Whilst the European Union continues to express concern for the increased impact of climate change on the planet, those defending their territories and the environment continue to be attacked for their activism across the world. This alarming trend is present in Latin America where the women defenders of land, territory and the environment are particularly vulnerable. [see e.g. https://humanrightsdefenders.blog/2019/08/06/environmental-human-rights-defenders-more-deadly-than-being-a-soldier-in-a-war-zone/] With this in mind, PBI will be accompanying five women and one man from Mexico, Guatemala, Honduras and Colombia to different parts of Europe in order to exchange experiences and perspectives about protection and self-protection from a holistic perspective. These defenders will share information about their own situation of risk, as well as the cases they are working on.

In memoriam Louis Joinet: a great human rights defender who deserves more recognition outside France

September 25, 2019

Louis Joinet (born in Nevers on He was a French magistrate, independent expert to the United Nations Human Rights Committee and very active in the NGO human rights world in particular with regard to the dictatorships in Latin America (he was named illustrious citizen of Montevideo).

He co-founded the Union of the Judiciary (Syndicat de la magistrature) in 1968.  At the beginning of his career, he was interested in the early stages of computer sciences in order to evaluate the impact of these technologies on the law. He represented France in the Council of Europe. His report will gave birth to the Data Protection Act. He then participated actively in the drafting of the law relating to computers, files and freedoms of 6 January 1978. He was an adviser on human rights to the succesive Prime Ministers of François Mitterrand between 1981 and 1993.

In the UN context he was the author, in 1997, of the principles against impunity of the Office of the United Nations High Commissioner for Human Rights , also known as the “Joinet Principles” , which are part of the principles of transitional justice. .

He published his memoirs in 2013 (Mes raisons d’État : mémoires d’un épris de justice, Éditions La Découverte). One of the characters of the French television series Sanctuaire , broadcast in 2015, which addresses in particular the role of France in the attempt to negotiate, in the mid-1980s between ETA and Spain, is inspired by Louis Joinet  (“Avec “Sanctuaire” j’ai voulu faire un film sur une gauche qui se perd” [archive], teleobs.nouvelobs.com, 2 mars 2015).

His wife Germaine Joinet, doctor and activist in various associations, died in 2008.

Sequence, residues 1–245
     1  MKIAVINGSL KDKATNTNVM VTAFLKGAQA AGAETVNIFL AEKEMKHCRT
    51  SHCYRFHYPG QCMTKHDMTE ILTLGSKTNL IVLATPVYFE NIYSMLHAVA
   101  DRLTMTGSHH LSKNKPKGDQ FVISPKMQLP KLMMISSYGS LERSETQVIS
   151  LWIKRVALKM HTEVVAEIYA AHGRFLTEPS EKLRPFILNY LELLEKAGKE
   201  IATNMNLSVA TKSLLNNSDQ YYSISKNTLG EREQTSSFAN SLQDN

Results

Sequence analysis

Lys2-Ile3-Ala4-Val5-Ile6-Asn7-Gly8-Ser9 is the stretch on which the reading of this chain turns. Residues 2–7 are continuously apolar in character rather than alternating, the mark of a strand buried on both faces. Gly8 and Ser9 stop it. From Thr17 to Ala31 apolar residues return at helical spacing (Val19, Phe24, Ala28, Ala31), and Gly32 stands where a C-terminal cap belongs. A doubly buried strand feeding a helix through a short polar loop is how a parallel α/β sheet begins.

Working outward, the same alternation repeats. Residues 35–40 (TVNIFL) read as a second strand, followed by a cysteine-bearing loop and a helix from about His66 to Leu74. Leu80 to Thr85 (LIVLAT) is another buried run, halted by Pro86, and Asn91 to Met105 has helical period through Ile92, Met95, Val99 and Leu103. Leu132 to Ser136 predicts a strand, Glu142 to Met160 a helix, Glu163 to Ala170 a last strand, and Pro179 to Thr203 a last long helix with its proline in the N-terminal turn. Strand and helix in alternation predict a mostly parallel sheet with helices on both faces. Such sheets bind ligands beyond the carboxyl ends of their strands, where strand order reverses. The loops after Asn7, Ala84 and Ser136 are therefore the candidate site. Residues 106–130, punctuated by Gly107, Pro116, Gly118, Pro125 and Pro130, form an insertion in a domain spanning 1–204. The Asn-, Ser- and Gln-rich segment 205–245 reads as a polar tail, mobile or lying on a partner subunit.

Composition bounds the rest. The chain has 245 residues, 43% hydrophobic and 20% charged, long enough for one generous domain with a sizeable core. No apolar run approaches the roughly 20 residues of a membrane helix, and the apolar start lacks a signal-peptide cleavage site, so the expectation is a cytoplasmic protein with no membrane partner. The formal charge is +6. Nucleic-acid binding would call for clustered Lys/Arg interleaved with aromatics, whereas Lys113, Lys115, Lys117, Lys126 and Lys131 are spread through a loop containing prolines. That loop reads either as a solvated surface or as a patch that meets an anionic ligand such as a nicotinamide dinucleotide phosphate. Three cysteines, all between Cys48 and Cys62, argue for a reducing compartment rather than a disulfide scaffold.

Ciné-ONU and the Goethe Institute screened  “Un certain monsieur Joinet” (52 mn) on 24 October 2012 at the Goethe Institute in Brussels. According to Amnesty International, “the documentary gives an insight into the fifty years of struggle by Louis Joinet for human rights, from the war in Algeria to Pinochet’s Chile, from enforced disappearances to the fight against impunity”.  Language: French with English subtitles. Directed by: Frantz Vaillant. Only the trailer is on the internet and information on how to get hold of the full film is missing.

There is also an interview with him from 2012:

https://www.lemonde.fr/disparitions/article/2019/09/23/la-mort-de-louis-joinet-cofondateur-du-syndicat-de-la-magistrature_6012734_3382.html

https://fr.wikipedia.org/wiki/Louis_Joinet

https://www.unbrussels.org/invitation-to-the-screening-of-un-certain-monsieur-joinet/

Interview with Guadalupe Marengo (“Guada”) of Amnesty International

August 2, 2019

Guadalupe Marengo: Human Rights Defender at Amnesty International

On 1 August 2019 of Geographical in the UK published an inteview with Guadaloupe Marengo (aka “Guada”), head of the Human Rights Defenders Team at Amnesty International:

..A 2017 Amnesty International report submitted to the UN points to the use of smear campaigns to delegitimise human rights defenders and undermine their work. In particular the report notes the stigmatisation of individuals and communities in Guatemala, Honduras, Peru and Paraguay who are fighting to protect their access to water and land, stating that ‘their work is delegitimised through public statements and false rumours’ and that they ‘face unfair and unfounded criminal proceedings’. In response to this issue, Amnesty International set up its Human Rights Defenders team, which works globally to highlight violence against HRDs and campaign for their rights. Geographical caught up with the head of the team, Guadeloupe Marengo, following a screening of Aruanas, a new drama focusing on environmental defenders in the Amazon. [for Aruanas see: https://humanrightsdefenders.blog/2019/07/17/aruanas-human-rights-defenders-in-fiction-series-playing-in-amazon/]. Aruanas is now available at aruanas.tv on vimeo